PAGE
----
Want to know more about the history and work of Mark and Crocus at the RHS Chelsea Flower Show?

Follow this link

More from our journal


Interview: Rosie Atkins, recipient of an RHS Elizabeth Medal of Honour (EMH)

On Tuesday 26 March 2024, Rosie Atkins received an RHS Elizabeth Medal of Honour (EMH), in recognition of her contribution to horticulture. Rosie talks about her career and what receiving the EMH means to her.


Want to know how to attract and retain really great women? There’s a lot to learn from ‘Project Giving Back’

For the last 20+ years I’ve been celebrating IWD in the corporate world … a world where we’ve used the day to celebrate the progress and achievements being made. And that’s been important because, let’s face it, there are still today material discrepancies in the number of women in senior and leadership roles, and in gender pay. Corporates now recognise the issue and, in most cases, are working hard to address the imbalances. However, targets of 40% of women on Boards and an 8% gender pay gap shows there is still a long way to go, and it’s a nut that hasn’t been cracked.


This year’s All About Plants designs revealed

We are delighted to be supporting all six of the All About Plants gardens at RHS Chelsea this May. These small gardens use the power of plants to highlight the work of some amazing charitable causes and showcase new designers and specialist growers and nurseries.


There’s hope in a garden

Project Giving Back exists to amplify the work of charitable causes in the UK. We fulfil our purpose by funding gardens for good causes at the RHS Chelsea Flower Show. The gardens are first a catalyst for engagement at the world-renowned Royal Horticultural Society Chelsea Flower Show, before being relocated or repurposed to permanent sites across the UK creating an ongoing legacy and benefit to the causes and their communities.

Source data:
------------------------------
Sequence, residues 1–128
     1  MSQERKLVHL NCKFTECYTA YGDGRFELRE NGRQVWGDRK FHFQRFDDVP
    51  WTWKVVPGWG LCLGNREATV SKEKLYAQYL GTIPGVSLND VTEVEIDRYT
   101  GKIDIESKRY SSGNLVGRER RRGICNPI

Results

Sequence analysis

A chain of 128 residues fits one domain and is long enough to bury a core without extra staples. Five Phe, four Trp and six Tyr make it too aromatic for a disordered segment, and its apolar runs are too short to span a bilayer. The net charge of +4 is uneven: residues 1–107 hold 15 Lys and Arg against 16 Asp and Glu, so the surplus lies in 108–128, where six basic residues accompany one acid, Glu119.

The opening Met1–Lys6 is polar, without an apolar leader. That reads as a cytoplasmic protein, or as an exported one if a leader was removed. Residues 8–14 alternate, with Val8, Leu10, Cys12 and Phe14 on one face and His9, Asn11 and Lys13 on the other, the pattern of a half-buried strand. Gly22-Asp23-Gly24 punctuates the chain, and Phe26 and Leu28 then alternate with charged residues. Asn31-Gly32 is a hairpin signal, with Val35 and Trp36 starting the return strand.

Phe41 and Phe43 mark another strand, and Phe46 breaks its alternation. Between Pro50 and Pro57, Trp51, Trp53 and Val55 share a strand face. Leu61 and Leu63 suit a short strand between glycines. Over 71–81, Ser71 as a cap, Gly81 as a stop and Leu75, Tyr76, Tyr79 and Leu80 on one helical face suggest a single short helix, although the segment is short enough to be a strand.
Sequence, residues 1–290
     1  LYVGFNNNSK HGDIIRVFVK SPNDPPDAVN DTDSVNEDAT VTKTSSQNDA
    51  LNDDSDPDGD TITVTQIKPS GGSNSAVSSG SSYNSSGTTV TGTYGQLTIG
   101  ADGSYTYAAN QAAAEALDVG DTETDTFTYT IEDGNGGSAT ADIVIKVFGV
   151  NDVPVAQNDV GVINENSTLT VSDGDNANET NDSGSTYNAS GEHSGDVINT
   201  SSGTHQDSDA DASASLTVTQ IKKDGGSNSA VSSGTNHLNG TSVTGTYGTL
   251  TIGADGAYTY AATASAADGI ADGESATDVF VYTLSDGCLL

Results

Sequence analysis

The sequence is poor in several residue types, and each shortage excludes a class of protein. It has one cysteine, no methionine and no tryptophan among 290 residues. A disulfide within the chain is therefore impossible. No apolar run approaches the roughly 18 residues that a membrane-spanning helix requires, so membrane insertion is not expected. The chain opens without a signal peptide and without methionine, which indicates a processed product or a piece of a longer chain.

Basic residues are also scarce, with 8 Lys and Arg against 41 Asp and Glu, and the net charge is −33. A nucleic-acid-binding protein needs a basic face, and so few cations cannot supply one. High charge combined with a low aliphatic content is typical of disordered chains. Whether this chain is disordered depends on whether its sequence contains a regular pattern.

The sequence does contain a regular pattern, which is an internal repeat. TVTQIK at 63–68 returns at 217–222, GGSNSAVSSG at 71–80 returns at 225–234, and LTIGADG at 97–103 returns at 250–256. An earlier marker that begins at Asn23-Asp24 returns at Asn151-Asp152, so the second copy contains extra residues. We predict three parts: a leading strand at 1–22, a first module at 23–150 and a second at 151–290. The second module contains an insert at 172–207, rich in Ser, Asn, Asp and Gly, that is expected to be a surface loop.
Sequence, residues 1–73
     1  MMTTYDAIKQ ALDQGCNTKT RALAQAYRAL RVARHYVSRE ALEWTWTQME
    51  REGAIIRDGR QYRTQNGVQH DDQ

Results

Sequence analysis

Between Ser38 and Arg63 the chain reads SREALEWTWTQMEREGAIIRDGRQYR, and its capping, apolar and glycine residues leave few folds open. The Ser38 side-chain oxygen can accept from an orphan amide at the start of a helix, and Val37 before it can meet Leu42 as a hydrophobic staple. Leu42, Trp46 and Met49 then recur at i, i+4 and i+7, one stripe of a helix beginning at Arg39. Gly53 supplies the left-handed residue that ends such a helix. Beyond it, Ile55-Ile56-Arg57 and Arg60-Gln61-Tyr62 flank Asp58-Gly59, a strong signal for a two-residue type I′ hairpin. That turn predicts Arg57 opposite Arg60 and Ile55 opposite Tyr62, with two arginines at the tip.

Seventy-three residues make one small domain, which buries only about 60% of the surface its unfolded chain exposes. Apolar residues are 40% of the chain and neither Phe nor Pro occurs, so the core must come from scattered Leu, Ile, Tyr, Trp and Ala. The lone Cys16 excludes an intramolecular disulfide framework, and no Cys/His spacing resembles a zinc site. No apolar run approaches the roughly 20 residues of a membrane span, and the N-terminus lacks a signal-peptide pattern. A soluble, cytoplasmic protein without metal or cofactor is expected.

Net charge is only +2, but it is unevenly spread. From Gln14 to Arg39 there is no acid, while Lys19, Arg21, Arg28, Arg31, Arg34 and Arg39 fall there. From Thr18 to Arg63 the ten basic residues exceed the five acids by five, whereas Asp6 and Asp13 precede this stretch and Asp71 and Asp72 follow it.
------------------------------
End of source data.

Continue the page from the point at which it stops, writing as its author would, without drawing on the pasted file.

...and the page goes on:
RHS Gardens for the Future conference

Trees, water and a heartwarming dose of joy were the main topics of conversation at the RHS Gardens for the Future press conference this week.


Show & Sanctuary Gardens announced for RHS Chelsea 2024

Project Giving Back (PGB) will support 15 gardens for good causes at RHS Chelsea Flower Show 2024, including seven show gardens and two sanctuary gardens that have been announced by the RHS today.


Application process and timeline explained for 2025 garden funding

We are now accepting expressions of interest from charities and designers interested in applying to create a fully funded show garden at RHS Chelsea Flower Show 2025. This follows our recent announcement that Project Giving Back is extending its programme of funding for gardens for good causes until 2026. Here we explain in more detail the stages and timeline for the application process.


Announcing extended support of gardens for good causes at RHS Chelsea Flower Show

Project Giving Back (PGB) intends to continue its support of gardens for good causes at the RHS Chelsea Flower Show in 2025 and 2026. Expressions of interest for 2025 funding can be submitted via the Project Giving Back website from Friday 22 September to Friday 3 November 2023. All gardens supported by PGB are repurposed in permanent locations around the UK after the show as ongoing legacies for the causes that inspired them.


Garden Museum to present gardens for good causes exhibition